JAIC 1982, Volume 21, Number 2, Article 4 (pp. 59 to 76)
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Journal of the American Institute for Conservation
JAIC 1982, Volume 21, Number 2, Article 4 (pp. 59 to 76)


J. Nelson, A. King, N. Indictor, & D. Cabelli


THE EFFECTS OF WASHING PAPERS of varying permanence in waters of varying purity, as observed under the described conditions, are not clear cut. A number of issues would bear further study. However, it is clear from this preliminary work that the different papers do not respond uniformly to given conditions, and that each paper responds variously to differing conditions. Thus, findings obtained by evaluating any one kind of paper do not appear to be universally applicable. However, certain observations may be made on the basis of the data presented here.

New York City tap water was not shown to be deleterious under any conditions. However, as noted in the Tang and Jones study,31 tap water quality is subject to great variability, and cannot be recommended without reservation.

Likewise, the nitrogen-stabilized distilled water was shown to be deleterious. But since the nature of its inorganic contaminants is dependent on the composition of the tap water from which it is distilled, neither can it be recommended.

The deionized water was shown to be deleterious to the pH of the two papers expected to be the least permanent and moderately permanent, Aquabee Newsprint Rough 887-R and Whatman Chromatography #1, respectively, and to their folding endurance when the washed papers were subsequently dry oven aged. However, the deionized water wash was not deleterious to Arches Cover Infinity, the paper buffered with 3% calcium carbonate to enhance permanence.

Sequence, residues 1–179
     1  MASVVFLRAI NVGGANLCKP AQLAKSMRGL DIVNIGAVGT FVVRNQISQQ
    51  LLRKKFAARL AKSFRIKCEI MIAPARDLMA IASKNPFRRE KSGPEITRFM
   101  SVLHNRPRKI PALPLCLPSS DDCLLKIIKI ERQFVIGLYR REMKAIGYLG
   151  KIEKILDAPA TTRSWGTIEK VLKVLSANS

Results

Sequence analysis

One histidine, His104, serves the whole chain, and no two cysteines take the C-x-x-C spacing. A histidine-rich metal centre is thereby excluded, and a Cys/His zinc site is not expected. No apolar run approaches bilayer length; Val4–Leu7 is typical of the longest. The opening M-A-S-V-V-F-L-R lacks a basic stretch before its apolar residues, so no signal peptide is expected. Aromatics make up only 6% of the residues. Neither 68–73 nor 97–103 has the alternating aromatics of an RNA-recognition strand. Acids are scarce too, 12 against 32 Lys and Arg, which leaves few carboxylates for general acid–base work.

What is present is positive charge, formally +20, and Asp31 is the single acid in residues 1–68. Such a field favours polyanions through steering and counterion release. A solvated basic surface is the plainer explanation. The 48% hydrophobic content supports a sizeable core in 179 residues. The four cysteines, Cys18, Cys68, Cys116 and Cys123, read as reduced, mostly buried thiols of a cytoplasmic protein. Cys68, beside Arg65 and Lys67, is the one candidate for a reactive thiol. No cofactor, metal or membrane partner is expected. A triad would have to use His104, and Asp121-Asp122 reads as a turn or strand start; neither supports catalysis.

The findings suggest: 1) that highly purified wash waters are capable of removing a substance from some of the papers treated, while the alkaline wash waters are capable of depositing a substance in some of the papers treated, in this study both substances being alkaline salts; 2) that the substance is beneficial, i.e., its presence causes the paper to retain properties that are otherwise altered by dry oven aging; and 3) that the more of the substance there is, whether deposited during manufacturing processes or by the washing treatment, the greater is its beneficial effect.

Copyright � 1982 American Institute of Historic and Artistic Works